15. 15. A Note on Undesirable Polymers<br />Polystyrene<br />Several forms<br />Sheets, rolls, foams<br />Foams created with blowing agents<br />Residuals may offgass into storage<br />Increase the flammability of the styrofoam<br />Trace chemicals exist which can damage artwork<br />Very undesirable properties<br />Carries charge, offgasses, trace chemicals<br />
    16. 16. Foams<br />
    17. 17. Ethafoam<br />Polyethylene foam<br />Uses<br />Packaging, gaskets, barriers<br />Always inert<br />Nontranslucent, gray, black<br />pH neutral<br />Not clear (gray, black)<br />Susceptible to UV degradation<br />Recyclable<br />High strength, <br />impervious to mold, rot, bacteria<br />lightweight<br />
    18. 18. Volara<br />Closed Cell PE<br />Uses<br />Lining for display cases<br />Varying densities<br />Nontranslucent, white<br />Water retention can promote organic growth<br />Recyclable<br />Nonabrasive, chemical resistance,<br />Water absorption qualities<br />Advantages<br />Disadvantages<br />
    19. 19. Wraps<br />
    20. 20. Tyvek Soft structure 1443-R <br />HDPE<br />Uses<br />Lining cavities on foam pads<br />Dust cover<br />Always inert (UV, oxi)<br />Translucent, white<br />Recyclable <br />pH neutral<br />Allows transmission of moisture<br />Degraded by Freon, pine oil, toluene<br />Lightweight, non-abrasive<br />Tear resistant<br />Water resistant but still vapor permeable as it &quot;breathes&quot;<br />Advantages<br />Disadvantages<br />
    21. 21. Tyvek 1025 - Hard Structure<br />HDPE<br />Uses<br />Wrapping<br />support for transport/storage<br />Always inert (UV, oxi)<br />Translucent, white<br />pH neutral<br />Allows transmission of moisture<br />Not a good barrier to plywood off-gassing<br />Mold/mildew resistant<br />Lint-free, acid-free<br />Allows transmission of moisture<br />Recyclable<br />Advantages<br />Disadvantages<br />
    22. 22. Bubble Wrap<br />Polyethylene, PVC<br />Uses<br />Large bubble for sculptures and packing crates<br />Antistatic pink double bubble for framed works<br />Cushioning, good for corners and general padding use<br />Translucent<br />Not for use in direct contact with object<br />Bubbles deflate over time<br />Bubbles leave pattern on object<br />Recyclable<br />flexible, can be double layered, inexpensive<br />tear resistant<br />
    23. 23. Organic<br />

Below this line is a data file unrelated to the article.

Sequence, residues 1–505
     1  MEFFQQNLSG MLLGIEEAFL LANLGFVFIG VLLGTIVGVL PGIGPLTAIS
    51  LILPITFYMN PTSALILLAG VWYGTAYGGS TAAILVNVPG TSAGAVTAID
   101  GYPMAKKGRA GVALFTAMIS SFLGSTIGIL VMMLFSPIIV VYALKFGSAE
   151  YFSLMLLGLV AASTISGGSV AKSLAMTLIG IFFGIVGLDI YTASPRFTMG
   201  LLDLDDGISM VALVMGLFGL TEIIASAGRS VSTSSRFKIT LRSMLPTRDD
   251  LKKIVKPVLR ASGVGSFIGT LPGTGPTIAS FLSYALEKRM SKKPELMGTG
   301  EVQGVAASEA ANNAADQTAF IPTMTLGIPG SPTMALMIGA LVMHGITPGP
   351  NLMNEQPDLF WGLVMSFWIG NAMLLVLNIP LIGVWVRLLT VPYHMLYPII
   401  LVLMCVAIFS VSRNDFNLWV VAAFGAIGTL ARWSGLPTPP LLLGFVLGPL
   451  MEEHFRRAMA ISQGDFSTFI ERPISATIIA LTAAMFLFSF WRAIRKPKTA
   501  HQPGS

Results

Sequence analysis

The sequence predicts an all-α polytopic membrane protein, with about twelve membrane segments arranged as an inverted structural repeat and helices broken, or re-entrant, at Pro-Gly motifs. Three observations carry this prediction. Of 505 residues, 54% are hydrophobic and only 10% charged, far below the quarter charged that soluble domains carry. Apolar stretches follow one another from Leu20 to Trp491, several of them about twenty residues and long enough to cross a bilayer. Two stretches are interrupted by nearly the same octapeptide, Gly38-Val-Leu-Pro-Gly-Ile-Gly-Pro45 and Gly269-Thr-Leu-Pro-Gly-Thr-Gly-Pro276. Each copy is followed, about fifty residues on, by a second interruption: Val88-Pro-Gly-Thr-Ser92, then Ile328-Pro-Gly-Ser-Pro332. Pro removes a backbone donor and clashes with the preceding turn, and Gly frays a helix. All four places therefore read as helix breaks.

24. 24. Cotton<br />Natural material<br />Uses<br />Liner for foam padding<br />Cradling delicate surfaces<br />Multiple forms<br />Straps, sheets, felt<br />Multiple strengths<br />Non-aligned, aligned fibers<br />Translucent, natural color<br />Natural materials can support organic growth<br />Absorbs liquids and humidity<br />Natural materials<br />Soft surface will not cut other objects<br />
    25. 25. Glassine<br />Paper product<br />Uses<br />interleaving prints, photographs, drawings<br />wrapping and packaging<br />Translucent, off-white<br />pH neutral<br />Creases easily<br />Unstable<br />Not always lignin free<br />Tears easily<br />Acid free<br />Recyclable<br />Inexpensive<br />Advantages<br />Disadvantages<br />
    26. 26. Acid Free Tissue Paper<br />Archival non-buffered acid free tissue<br />High alpha cellulose<br />pH neutral<br />Uses<br />interleaving, wrapping, cushioning<br />padding for textiles<br />Advantages<br />Disadvantages<br />
    27. 27. New materials<br />
    28. 28. Silicone<br />Si based polymers <br />Largely inert and easily functionalized<br />Uses<br />Cushioning objects<br />Encasing objects<br />Translucent and nontranslucent<br />pH neutral<br />Degrade over time if not crosslinked fully<br />Easy to trap particles inside<br />Requires technical training to mold<br />Inert<br />Chemically easily customizable<br />Moldable to custom shape<br />
    29. 29. Additional Resources<br />Packing Art handling and Crating Information Network (PACIN, http://pacin.org)<br />Dow Ethafoam (http://www.qualityfoam.com/ethafoam.asp)<br />